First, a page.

on our politics before setting foot on our soil. here's jonathan karl with more. on how mandela prodded, consoles, scolded, and inspired american presidents. >> reporter: nelson mandela loomed large in america long before he was freed from prison. ♪ it was 25 years ♪ that take that man away >> reporter: inspiring a mass movement against racism and intolerance. >> apartheid, no. >> freedom, yes. >> reporter: his relationship with u.s. presidents has been far more complicated. when he was locked up in 1962, the u.s. government was silent. in 1966, bobby kennedy went to south africa and took a stand against racism. giving the greatest speech he ever delivered. >> each time a man stands up for an ideal, he sends forth a tiny ripple of hope. >> reporter: from lbj to nixon to jimmy carter, south africa's apartheid government was actually a u.s. ally in the cold war. as the anti-apartheid movement grew, a young college student named barack obama was inspired by mandela to give his first political speech. the man in the white house then said no to sanctions. against south africa, insisting
a short time ago. jonathan karl, certainly president obama made aware of the news, the loss this afternoon. have we heard anything yet from the president? >> the white house is well aware of this, something we have been tracking a long time. no official statement yet. was a towering influence on president obama, inspiration. if you look now at the screen, that is the one and only photograph of president obama and mandela together, happening the one time that manned -- that obama got to meet his hero as a young freshman senator, newly elected senator, and mandela was visiting washington. he had that meeting, that single photo, obama in silhouette. he wassident, back when senator obama, wrote a forward to a book by nelson mandela, and the words here give you a sense. by the way, the pictures right now, that is the president in the cell where nelson mandela spent 17 years in prison and in south africa, 17 of the 27 years that nelson mandela spent in prison. trip, the president visited south africa earlier this year. he had hoped to get a chance to have one last meeting with mandela. forela wa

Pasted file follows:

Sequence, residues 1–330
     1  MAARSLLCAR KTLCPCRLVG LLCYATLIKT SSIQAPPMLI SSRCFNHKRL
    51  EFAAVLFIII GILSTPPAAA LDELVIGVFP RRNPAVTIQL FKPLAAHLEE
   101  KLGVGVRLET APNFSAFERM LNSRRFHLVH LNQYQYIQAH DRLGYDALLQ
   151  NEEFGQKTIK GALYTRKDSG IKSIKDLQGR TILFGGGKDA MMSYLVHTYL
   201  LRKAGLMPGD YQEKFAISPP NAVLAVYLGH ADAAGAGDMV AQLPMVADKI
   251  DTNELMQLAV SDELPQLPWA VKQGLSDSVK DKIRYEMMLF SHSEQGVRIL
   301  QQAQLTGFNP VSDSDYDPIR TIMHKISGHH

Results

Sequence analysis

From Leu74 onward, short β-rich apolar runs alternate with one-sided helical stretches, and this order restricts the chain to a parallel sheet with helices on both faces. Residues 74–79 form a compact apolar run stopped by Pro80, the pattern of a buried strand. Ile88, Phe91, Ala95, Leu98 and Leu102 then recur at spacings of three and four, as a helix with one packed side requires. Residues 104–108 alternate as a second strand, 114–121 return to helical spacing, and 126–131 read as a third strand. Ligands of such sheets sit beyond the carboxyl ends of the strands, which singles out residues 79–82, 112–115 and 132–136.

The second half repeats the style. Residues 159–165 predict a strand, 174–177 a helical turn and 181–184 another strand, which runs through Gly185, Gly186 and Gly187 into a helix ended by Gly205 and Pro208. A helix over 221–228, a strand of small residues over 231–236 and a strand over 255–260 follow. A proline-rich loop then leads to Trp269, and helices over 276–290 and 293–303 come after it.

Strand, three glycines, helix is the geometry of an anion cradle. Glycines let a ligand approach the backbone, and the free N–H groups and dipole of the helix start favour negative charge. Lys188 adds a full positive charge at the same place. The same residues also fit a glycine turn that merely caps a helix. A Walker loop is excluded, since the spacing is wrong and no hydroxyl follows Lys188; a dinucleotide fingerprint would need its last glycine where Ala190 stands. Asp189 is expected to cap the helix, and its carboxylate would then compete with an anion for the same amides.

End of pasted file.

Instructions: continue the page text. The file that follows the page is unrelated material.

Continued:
. >> in 1990, nelson mandela visited new york city. thousands gathered in harlem to hear him speak. jonathan martin is there to tell us about that and what the scene is like tonight. >> a lot of people remember it like it was yesterday, they remember the day in 1990 when the new york city mayor invited nelson mandela to the city. one of the first places he stopped was in harlem. there was a lot of anticipation, excitement, thousands of people came. earlier tonight the apollo theatre had a mark key lit up. the lights went out. it said, "in memory of nelson mandela we remember and love you." a lot of people remember when he came in 1990 it was a big part of the visit. it said welcome home mr and mrs nelson mandela. one of the people who remembered that was the historian, mr billy mitchell. we talked about what that day was like in his memory. >> he was fully aware that all the people from civil rights fighters and to have his preps here, it meant a lot to all of us coming up out of problems. we were going through housing, education, things that of nature. his presence made us feel good, that t